06-09-2021 | | By Sam Brown
Recently, researchers from China developed a fully functional smartwatch that can be easily dissolved to recycle and reuse the electronic components used. What challenges does e-waste present, what did the researchers achieve, and why could fully recyclable electronics be the key to the future of electronics?
It is no surprise that e-waste is a growing concern worldwide, with landfills quickly becoming full, contaminants leaking into the surrounding environment, and the often terrible conditions found around such sites. This matter is made worse when countries ship materials to be recycled to other nations who will usually burn the waste (thereby contributing to climate change) or dump the waste in toxic sites whose workers are exposed to severe compounds.
Electronic devices contain many valuable materials such as gold and platinum, but these are only worth extracting when the prices for such materials increase. Electronic devices can, in theory, be recycled for their electronic components, but this comes with a range of challenges.
The first challenge is that trying to reuse old electronic components can be extremely tricky. These recycled components are not on reels making them hard to use in any commercial application. The components will have solder and flux still on their contacts and body, and these components will be degraded compared to new parts.
The second challenge of reusing electronic components is that only a handful of components are worth salvaging. For example, it is cheaper to use brand new passives instead of reuse passives on an old electronics device as those older components require identification, cleaning, testing, and then re-reeling. In most cases, socketed components (i.e. ICs, CPUs, and RAM slots) are the only components worth recycling.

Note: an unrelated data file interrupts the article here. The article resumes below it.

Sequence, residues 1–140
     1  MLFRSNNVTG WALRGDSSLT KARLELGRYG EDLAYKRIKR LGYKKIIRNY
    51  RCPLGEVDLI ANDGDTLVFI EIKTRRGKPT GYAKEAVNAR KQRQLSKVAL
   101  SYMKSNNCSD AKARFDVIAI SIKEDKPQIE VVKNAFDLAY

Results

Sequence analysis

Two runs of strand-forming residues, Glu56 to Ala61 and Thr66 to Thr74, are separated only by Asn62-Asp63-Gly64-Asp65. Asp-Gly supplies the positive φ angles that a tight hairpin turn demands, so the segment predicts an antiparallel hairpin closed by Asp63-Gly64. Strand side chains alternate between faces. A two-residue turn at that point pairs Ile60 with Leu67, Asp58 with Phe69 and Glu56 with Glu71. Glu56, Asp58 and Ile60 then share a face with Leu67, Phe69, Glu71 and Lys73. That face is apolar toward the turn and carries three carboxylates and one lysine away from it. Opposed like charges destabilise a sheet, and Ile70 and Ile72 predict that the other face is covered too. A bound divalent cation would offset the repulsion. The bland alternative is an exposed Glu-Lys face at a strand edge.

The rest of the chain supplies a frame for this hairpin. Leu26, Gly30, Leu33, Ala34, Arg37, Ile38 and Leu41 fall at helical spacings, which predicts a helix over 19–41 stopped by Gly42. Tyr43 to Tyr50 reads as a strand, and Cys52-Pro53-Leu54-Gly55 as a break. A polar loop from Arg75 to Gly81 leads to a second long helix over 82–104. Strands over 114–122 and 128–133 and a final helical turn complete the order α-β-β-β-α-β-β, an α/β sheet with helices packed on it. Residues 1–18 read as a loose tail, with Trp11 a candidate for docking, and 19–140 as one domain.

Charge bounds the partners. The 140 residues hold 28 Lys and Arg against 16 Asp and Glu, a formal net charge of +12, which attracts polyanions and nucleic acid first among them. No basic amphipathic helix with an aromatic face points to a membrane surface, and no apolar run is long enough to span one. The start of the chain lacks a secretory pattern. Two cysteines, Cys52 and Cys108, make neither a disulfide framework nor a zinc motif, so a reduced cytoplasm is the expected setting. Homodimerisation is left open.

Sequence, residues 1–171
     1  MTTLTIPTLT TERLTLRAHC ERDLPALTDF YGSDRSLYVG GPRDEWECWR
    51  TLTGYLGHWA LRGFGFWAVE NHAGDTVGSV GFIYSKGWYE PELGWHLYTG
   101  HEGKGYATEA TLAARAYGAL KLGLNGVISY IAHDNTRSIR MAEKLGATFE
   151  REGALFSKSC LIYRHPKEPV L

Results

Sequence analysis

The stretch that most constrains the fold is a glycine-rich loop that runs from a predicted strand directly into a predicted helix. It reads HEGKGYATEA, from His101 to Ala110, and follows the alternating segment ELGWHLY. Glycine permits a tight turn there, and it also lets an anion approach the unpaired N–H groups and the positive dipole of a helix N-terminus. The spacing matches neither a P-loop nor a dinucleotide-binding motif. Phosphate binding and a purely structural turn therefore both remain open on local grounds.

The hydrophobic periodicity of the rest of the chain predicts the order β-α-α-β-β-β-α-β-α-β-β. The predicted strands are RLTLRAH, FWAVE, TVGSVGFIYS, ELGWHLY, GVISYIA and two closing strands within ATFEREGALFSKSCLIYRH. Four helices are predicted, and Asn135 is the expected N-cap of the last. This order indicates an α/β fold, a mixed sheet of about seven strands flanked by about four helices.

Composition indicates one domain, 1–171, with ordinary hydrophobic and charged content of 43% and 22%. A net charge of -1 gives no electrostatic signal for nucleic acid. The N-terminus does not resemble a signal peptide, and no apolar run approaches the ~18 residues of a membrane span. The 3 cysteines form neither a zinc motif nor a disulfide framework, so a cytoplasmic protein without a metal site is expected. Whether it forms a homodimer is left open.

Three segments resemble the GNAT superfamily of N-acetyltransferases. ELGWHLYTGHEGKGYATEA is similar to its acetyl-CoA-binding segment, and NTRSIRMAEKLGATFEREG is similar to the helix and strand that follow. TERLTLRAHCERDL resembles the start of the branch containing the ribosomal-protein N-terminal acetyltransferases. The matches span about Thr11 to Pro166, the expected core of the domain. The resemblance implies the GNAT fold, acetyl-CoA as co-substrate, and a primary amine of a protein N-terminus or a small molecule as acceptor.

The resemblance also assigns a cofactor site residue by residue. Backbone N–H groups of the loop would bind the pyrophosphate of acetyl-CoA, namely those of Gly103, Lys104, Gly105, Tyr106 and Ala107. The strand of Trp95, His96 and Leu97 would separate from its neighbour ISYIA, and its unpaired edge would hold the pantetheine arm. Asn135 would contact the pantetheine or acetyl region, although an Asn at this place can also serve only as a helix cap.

Recently, researchers from China have developed a smartwatch that is entirely recyclable whose performance is not far off from modern smartwatch designs. While the design itself is very bulky, it is designed to fall apart when submerged in water for over 40 hours yet is resistant to sweat.
The design utilises transient nanocomposite circuit boards, which use zinc nanoparticles and silver nanowires to connect various components. The board itself uses a water-soluble polymer so that it dissolves when in water.
The smartwatch case was also developed using a polyvinyl alcohol material to dissolve when submerged in water. This enables the entire design to be completely broken down while freeing all electronic components used. These components can be separated from the dissolved solution and then reused in other designs.
While the device developed by the team is far from being commercial, it perfectly demonstrates how future electronics could be designed to help tackle the e-waste problem. Most electronics are designed to last several years, meaning that what the team has designed would not be suitable. However, the disposable electronics market would highly benefit from such designs and recyclability.
Disposable electronics are typically programmed once, used for a short period, and then thrown away. One typical example of disposable electronics is RFID tags used to protect high-value items in shops. Once taken home, these devices are designed to be thrown away by the customer with no hope of being recycled.
If such devices were replaced with water-soluble devices, then such devices could not only be recycled but reassembled using older parts. This would reduce the amount of e-waste produced while decreasing the raw resources needed to make replacement parts.